The AHCS Practitioner Register has been developed to enhance public protection and raise professional standards so that the public, employers and commissioners can choose to use Healthcare Science Practitioners who meet high standards of personal behaviour and technical competence. This enhances public protection and assists the delivery of high quality patient care. Read more about the AHCS Regulation Council and its work.

Clinical risks occurring in the work of Practitioners

Through developing a thorough understanding of risks presented by Practitioners the AHCS drafted and consulted upon the standards of proficiency to mitigate against this risk.

Individuals who are not registered with the AHCS have not demonstrated that they meet set standards of behaviour and competence integral to the register. Therefore unregistered Healthcare Science practitioners would have not have formally demonstrated a particular level of professionalism and competency which may be of concern to patients, commissioners and employers.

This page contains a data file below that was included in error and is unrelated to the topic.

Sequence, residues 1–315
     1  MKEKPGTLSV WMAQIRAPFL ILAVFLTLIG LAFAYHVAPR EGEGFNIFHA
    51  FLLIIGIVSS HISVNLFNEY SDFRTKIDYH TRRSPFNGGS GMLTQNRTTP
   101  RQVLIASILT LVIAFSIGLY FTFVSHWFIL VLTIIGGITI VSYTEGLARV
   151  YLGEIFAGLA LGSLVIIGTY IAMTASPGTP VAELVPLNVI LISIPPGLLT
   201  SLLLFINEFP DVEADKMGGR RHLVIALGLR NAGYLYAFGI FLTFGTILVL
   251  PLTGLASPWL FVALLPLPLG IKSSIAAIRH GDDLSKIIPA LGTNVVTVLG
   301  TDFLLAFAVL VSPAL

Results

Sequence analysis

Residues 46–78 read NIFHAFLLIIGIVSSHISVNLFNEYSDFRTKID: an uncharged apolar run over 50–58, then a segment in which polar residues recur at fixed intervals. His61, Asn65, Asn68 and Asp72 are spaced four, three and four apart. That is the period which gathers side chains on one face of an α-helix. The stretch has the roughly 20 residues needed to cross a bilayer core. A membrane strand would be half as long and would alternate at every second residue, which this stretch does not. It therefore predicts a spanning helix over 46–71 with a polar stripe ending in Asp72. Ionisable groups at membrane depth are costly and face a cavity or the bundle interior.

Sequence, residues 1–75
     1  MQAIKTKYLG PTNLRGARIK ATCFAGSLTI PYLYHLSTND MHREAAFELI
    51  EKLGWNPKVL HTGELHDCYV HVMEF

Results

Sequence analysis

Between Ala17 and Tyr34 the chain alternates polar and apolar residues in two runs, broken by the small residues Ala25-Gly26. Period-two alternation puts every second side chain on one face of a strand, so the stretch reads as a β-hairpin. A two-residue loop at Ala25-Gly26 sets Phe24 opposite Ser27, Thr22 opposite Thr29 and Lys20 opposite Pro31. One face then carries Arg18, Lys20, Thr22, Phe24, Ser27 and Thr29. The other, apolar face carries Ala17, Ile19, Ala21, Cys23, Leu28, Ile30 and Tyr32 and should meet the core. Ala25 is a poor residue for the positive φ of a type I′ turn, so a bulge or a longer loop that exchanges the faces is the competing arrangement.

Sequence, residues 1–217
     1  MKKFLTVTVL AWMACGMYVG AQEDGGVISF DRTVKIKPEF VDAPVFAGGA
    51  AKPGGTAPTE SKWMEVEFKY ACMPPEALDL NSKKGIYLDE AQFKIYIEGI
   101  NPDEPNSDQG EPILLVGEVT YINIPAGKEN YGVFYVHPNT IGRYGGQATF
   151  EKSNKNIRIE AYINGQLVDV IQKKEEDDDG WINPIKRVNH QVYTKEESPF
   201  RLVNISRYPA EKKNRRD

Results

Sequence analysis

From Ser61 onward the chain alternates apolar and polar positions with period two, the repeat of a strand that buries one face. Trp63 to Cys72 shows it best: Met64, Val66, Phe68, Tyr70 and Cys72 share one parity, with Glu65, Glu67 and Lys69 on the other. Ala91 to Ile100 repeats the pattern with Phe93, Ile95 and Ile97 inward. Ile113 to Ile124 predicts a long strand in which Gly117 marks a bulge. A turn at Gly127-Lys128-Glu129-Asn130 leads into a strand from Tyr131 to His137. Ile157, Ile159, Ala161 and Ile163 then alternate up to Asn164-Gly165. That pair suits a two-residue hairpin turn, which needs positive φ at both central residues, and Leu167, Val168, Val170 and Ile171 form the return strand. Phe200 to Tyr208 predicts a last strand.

Continuing Professional Development

Healthcare Science is a continually changing, dynamic, professional and scientific discipline concerned with understanding how diseases develop and how they may affect the normal functioning of the body. The aim of the discipline is the investigation of the disease process and, ultimately, the development of methods for monitoring, diagnosing, treating and preventing disease.

This means that the knowledge base of a Healthcare Science Practitioner must be updated and maintained on an ongoing basis. All registered practitioners sign up to the AHCS CPD programme and therefore maintain their professional knowledge and skills throughout their careers.